Australian ProPhoto

Fujifilm Packs 102MP Into A Smaller MF Body


The fourth digital medium format mirrorless camera from Fujifilm, the GFX 100S combines the 102 megapixels sensor from the GFX 100 with a more compact and lighter body similar to that of the GFX 50S. In fact, the GFX 100S weighs in at a modest 900g (500g lighter than the GFX 100) and measures a very manageable 150x104x87 mm (WxHxD) – yet it still incorporat­es in-body stabilisat­ion, a

3-inch rear screen with three-way tilt adjustment­s, and full weather protection including for shooting in subzero temperatur­es down to -10ºC. Notably too, the GFX 100S brings in 100MP resolution at under $10,000… nearly $500 under and, consequent­ly, it’s cheaper than Sony’s new full-frame Alpha 1.

The all-new IBIS module has five-axis movements and gives correction for camera shake of up to six stops. The LCD display has a resolution of 2.36 million dots and full touchscree­n controls. Unlike the GFX 50S, the GFX 100S has a fixed OLED electronic viewfinder with a resolution of 3.68 million dots and a magnificat­ion of 0.77x (35mm equivalent).

The sensor is a backside-illuminate­d (BSI) type CMOS with dual-gain circuitry and delivers a maximum image size of 11,648x8736 pixels with the option of capturing 14- or 16-bit RAW files. JPEGs can be captured at one of three compressio­n levels and with a choice of three image sizes. For the record, the sensor size of 43.8x32.9mm is 1.7x bigger than full-35mm and 4.0x bigger than APS-C. The sensitivit­y range spans ISO 100 to 12,800 with extensions to ISO 50 and 102,400. The sensor has 3.76 million phase-detect AF pixels as part of the camera’s hybrid autofocusi­ng system that employs 425 measuring points to give close to 100% frame coverage.

The X Processor 4 engine delivers continuous shooting at up to 5fps and 4K video recording in both the DCI and UHD resolution­s at 30 or 25fps with a bit rate of up to 400 Mbps. There’s also F-Log and HLG recording with 10-bit 4:2:2 colour to the HDMI output and 10-bit 4:2:0 internally. Additional­ly, 16-bit RAW video is available via HDMI for recording to the latest Atomos Ninja V recorder. There’s also the choice of H.264 or H.265 encoding and either All-Intra or Long GOP compressio­n. The GFX 50S has dual memory card slots for the SD format, both with UHS-II support.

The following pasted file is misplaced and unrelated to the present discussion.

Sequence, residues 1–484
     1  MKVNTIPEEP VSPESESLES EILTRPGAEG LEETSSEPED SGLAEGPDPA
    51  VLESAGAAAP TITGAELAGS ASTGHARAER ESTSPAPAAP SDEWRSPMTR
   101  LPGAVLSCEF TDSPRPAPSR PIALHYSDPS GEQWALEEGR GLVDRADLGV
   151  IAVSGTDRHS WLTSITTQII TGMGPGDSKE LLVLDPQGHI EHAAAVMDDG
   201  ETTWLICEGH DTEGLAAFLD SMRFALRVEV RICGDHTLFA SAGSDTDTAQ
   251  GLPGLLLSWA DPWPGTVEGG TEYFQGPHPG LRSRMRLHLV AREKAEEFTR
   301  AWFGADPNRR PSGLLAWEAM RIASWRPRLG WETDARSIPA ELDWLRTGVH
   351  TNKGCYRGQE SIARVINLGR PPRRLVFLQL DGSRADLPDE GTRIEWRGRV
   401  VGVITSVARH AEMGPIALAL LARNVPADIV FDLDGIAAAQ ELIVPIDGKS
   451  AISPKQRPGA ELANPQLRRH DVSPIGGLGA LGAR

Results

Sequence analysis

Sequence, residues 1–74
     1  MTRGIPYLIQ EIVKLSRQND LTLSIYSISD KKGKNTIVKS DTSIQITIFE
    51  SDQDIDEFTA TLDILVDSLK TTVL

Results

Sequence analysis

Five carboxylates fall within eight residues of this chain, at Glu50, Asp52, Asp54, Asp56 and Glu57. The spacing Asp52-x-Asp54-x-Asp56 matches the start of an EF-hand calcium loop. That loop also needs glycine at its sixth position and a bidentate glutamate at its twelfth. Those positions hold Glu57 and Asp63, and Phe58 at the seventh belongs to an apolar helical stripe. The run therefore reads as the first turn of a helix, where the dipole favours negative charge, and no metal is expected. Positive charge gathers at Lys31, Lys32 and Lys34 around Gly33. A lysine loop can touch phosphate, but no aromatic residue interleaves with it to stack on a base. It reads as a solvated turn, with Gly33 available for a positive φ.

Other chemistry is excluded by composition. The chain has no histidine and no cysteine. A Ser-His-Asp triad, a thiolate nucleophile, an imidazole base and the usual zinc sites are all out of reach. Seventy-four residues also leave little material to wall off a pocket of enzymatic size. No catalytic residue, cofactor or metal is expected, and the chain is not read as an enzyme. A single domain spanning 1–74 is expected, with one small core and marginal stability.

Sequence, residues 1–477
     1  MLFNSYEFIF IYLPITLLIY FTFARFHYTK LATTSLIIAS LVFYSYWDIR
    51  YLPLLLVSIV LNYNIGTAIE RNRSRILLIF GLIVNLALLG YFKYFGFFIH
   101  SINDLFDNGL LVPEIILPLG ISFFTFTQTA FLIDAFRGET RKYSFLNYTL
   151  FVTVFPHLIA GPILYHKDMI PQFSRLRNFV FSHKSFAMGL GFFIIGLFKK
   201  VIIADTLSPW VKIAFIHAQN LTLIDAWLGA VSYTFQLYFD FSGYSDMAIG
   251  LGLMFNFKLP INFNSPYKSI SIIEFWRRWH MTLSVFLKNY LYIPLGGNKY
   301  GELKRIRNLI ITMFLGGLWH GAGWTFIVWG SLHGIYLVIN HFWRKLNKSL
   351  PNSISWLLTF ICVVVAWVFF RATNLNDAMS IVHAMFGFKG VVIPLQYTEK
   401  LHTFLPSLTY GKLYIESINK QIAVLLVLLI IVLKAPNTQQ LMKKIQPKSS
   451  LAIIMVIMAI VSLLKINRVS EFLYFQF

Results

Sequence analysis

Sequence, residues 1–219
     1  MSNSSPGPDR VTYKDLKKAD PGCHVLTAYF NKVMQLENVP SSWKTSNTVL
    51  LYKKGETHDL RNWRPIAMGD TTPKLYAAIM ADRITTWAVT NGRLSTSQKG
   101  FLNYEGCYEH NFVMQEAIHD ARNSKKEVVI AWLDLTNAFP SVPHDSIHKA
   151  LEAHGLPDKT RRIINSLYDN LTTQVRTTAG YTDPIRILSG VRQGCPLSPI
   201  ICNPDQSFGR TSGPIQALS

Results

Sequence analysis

The GFX cameras share a lot with the X-series line, including the famed Film Simulation profiles, and the GFX 100S gets a new one – bringing the total to 19 – called Nostalgic Neg. According to the Fujifilm press release, here’s what it does: “Its unique tonality adds an amber tone to highlights for a softer look and boosts saturation­s to shadows, while preserving details, to give a lyrical feel to images”. In a nutshell, what you’re getting is 1970s colour repro.

Released along with the GFX 100S is a new and faster GF-mount standard lens, the 80mm f/1.7 R WR (equivalent to 63mm in the 35mm format). This is the fastest GF-mount lens and also the first medium format system lens to combine autofocusi­ng with such a fast maximum aperture. It has a compact design (the weight is just 795g) with a weathersea­led constructi­on for even sub-zero temperatur­es, and also includes a fluorine coating on the exposed surface of the front element. The optical design comprises 12 elements in nine groups, including two with extra-low dispersion characteri­stics and one aspherical type.

The GFX 100S is available in Australia now and priced at $9,499 body only. The new GF 80mm f/1.7 is also available now, priced at $3,499.

For more informatio­n visit www.

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